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Fastball Reaction Time Grades 4 to 8 The Exploratorium

Use this game to test your reaction time and see if you can hit the ball out of the park. The game will show you your reaction time to each “pitch.” From San Francisco’s Exploratorium.
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FIRST Competition Grades 4 to 12 FIRST

Created by inventor Dean Kamen, this competition encourages students in different age groups to team up and tackle challenges in robotics, physics, and engineering. The site offers detailed instructions as well as information on previous competitions – including some examples.
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If you have students who are serious competitors, this would be a great challenge.


 
How Stuff Works Grades 4 to 8 Howstuffworks, Inc.

Here’s a site that does what it says: provides explanations of how commonly encountered machines and devices work. There are diagrams, text, and whatever it takes to show a curious student what makes something tick. Great site for “kitchen science” projects, for getting budding inventors started, or to simply explain why things work the way they do.
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How to Make a Pinhole Camera Grades 4 to 12

Here’s a science project that actually works. This site includes complete instructions for building a pinhole camera that students can use to take “real” pictures that can be surprisingly good. The required materials are easy to find, and this one can be both fun and educational.
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Learning from Baseball Grades 4 to 12 TeachersFirst

Here’s a collection of resources on math, science, and physics that all revolve around baseball. Learn about statistics, figure out what makes a slider work, or learn how al home run flies into the stands.
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Robotics Education Project Grades 4 to 12 NASA

NASA’s page on its robotics education activities offers links to ongoing, real-time projects, robotics news updates, and listings of robotics activities and competitions. Robotics is becoming hugely popular in many schools, so the pool of resources gets deeper daily. Jump into this one!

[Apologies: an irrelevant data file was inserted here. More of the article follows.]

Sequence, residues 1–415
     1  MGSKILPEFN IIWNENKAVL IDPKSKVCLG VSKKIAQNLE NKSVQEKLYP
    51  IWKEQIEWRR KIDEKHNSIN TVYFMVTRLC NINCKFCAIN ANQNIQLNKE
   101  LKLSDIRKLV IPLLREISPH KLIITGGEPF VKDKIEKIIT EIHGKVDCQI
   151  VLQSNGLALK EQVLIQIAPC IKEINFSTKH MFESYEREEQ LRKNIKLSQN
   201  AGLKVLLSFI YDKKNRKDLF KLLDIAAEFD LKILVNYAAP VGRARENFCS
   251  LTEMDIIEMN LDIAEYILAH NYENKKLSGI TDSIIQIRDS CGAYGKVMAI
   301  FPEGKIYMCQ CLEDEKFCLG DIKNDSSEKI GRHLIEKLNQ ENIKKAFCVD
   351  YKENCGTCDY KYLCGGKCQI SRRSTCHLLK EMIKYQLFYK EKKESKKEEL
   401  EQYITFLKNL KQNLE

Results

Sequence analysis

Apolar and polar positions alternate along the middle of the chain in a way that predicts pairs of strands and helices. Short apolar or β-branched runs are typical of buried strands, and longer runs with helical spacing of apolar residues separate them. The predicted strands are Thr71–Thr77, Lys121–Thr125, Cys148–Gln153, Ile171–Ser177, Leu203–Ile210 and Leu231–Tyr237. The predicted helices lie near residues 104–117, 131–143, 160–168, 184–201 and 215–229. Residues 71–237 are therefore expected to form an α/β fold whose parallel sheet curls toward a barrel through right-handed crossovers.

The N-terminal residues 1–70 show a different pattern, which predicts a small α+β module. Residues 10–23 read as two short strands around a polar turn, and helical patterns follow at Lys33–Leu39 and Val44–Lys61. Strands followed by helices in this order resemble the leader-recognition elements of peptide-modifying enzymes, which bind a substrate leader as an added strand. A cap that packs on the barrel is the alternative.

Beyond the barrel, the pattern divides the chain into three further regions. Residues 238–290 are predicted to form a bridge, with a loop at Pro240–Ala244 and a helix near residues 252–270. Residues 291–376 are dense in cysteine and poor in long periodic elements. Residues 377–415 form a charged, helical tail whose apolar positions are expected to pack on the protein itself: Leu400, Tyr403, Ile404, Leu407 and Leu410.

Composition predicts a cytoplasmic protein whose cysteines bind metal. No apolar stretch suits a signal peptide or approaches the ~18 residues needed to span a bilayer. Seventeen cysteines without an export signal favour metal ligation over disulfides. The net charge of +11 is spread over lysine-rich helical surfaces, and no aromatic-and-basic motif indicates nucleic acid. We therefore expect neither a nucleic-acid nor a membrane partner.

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Science and Sports Grades 4 to 12 The Exploratorium

Here’s another site from the Exploratorium. A high-tech look at the physics involved in hockey, baseball, and other sports. Younger kids can grasp the concepts; older students can learn the details. Includes sound and video clips, but they aren’t essential to using the site.
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Science of Hockey Grades 4 to 8 The Exploratorium

Here’s the latest in the Exploratorium’s series on the physics of sports. The science of hockey includes information on the physics of skating, the materials used in the game equipment, and the reaction times required to stop a puck moving at 90 miles per hour. There’s lots of great exploring in this one.
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Simple Machines Grades 3 to 6 Franklin Institute

Franklin Institute’s simple machines unit outlines the advantages of each machine and offers links to pages that provide more extensive illustrations, including several that use Lego blocks to show how the machines work. You’ll find the basics here, and that may be just what you’re looking for.
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Timelinescience Grades 4 to 12 Timelinescience

There’s a wealth of detailed information on the history of science behind the deceptively simple interface of this site. Students will find extensive biographies of important scientists, along with helpful chronologies of scientific breakthroughs and activities. Plan to spend some time on this one.
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Teachers will find the site useful for developing background on the evolution of scientific thought and process.